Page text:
• Size matters – How much space (height and width) will have to comfortable place your tree within? Make a note and, if you’re going with a real tree, it is a good idea to bring a tape measure with you to take measurements of the tree you choose. Be sure to take note of the size of your tree’s trunk so you can find the appropriate stand.

Christmas tree maintenance – Water is the key to keeping your Christmas tree looking great through the entirety of the holiday season. Keep your fresh tree in a stand that holds a lot of water and check the levels every day. In the beginning, your tree may need to be watered more than once a day. Plain water will suffice, but some swear by the additives that can help your tree flourish even longer.

After the festivities – When the holidays end and you’re ready to get rid of your tree, it’s best to look into recycling. Most cities partner with their waste management companies to offer a recycling option, and if not, you could use it for your own garden by converting it to mulch. Please note that you should never burn your Christmas tree as it can create a serious fire hazard.

Picking the best Christmas tree is not rocket science and should not be a stressful part of your holiday season, but it is important. The Christmas tree buying tips from Spring Green, however, take the guesswork out of your tree buying endeavors! If only finding the perfect gifts for everyone on your list was this easy.

We may not be able to help you with the gift shopping, gift wrapping or cookie baking, but if you are in the need of quality, reliable lawn care, our team of dedicated experts are here to help this holiday season and all year long!

Winter Turf Damage: Cold Temperatures Affected Southern Lawns

Winter Grass Damage

Blog Post Provided From Roland Freund, Spring-Green Franchise Owner of Spring, Texas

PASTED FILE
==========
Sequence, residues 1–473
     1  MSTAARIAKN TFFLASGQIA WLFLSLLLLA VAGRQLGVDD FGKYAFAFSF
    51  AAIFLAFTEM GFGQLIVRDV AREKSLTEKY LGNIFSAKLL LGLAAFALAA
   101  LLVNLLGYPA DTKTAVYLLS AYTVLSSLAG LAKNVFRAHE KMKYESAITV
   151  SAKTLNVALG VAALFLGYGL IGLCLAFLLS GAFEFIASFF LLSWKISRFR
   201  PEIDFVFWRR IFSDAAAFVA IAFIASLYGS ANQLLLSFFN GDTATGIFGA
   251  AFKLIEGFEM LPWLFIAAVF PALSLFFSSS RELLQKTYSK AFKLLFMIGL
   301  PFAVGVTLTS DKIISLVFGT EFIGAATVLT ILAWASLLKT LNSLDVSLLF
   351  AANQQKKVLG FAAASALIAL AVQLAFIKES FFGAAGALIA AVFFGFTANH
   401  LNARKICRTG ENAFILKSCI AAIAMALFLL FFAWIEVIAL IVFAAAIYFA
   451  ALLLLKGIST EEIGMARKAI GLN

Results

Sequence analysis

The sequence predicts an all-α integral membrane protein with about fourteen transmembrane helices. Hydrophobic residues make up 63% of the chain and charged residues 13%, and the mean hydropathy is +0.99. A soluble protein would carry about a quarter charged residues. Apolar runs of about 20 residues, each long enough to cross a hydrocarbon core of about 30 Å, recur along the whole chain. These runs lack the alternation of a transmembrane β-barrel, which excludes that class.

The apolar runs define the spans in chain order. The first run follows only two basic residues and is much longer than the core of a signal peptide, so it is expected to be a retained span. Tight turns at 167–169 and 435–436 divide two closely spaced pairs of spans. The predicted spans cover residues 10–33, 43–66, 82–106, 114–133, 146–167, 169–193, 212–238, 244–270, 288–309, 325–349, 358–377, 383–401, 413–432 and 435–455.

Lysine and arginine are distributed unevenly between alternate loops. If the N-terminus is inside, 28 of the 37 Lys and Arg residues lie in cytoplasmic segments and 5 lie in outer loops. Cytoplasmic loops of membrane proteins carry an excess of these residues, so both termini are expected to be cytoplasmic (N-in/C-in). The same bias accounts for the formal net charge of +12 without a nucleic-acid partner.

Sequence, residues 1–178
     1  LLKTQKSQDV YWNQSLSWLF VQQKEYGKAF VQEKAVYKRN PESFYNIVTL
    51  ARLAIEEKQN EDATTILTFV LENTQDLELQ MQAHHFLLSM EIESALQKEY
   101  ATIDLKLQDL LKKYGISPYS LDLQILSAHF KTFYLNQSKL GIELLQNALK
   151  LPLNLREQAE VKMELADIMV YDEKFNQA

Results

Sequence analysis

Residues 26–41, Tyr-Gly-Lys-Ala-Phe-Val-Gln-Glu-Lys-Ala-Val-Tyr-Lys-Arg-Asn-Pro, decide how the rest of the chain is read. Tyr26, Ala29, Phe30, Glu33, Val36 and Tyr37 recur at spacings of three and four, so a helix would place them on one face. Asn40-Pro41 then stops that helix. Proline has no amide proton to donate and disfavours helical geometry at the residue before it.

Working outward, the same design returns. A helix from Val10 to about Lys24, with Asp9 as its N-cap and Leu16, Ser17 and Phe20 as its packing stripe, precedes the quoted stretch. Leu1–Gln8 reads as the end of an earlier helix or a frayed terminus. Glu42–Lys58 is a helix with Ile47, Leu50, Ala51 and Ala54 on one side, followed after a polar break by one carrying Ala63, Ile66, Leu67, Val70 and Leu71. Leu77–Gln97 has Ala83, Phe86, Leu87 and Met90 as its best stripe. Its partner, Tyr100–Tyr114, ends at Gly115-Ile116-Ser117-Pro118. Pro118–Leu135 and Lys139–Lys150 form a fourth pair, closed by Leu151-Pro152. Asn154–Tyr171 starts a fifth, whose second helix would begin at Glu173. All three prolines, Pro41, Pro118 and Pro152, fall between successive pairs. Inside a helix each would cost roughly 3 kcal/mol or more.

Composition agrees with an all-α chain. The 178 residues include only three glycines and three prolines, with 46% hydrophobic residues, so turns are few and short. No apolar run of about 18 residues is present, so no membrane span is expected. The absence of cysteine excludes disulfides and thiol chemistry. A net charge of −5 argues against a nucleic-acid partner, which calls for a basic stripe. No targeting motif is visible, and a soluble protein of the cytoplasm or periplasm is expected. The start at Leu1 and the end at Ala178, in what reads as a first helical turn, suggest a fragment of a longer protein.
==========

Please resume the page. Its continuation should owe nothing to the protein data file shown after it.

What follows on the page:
This past winter will be remembered as an unusually cold one in the South region, and landscapes are now telling the story.
Homeowners are busy trying to replace dead plants and repair lawn areas. Since Eastern Redbuds are blooming, there is a very good chance the freezing cold weather is behind us.

Lawn Care companies and the Extension Offices have been inundated with phone calls regarding dead areas in lawns. Everyone is quick to blame someone, but the truth of the matter is that no one had control over the weather and the amount of winter kill to lawns.
Based on my observations in different communities, most of the damage occurred to turf in open areas with no protection from frosts or low temperatures.

Lawn areas beneath a tree canopy, between buildings or next to water bodies fared much better because they got some protection from the cold. One lawn may be damaged and the one next door may be fine.

Lawns Affected By Cold Weather

There are lots of variables that affect cold hardiness such as the type of lawn and variety, soils, mowing height, etc. Also, new lawns installed after late August or later did not fare well, because the lawns did not have sufficient time to establish.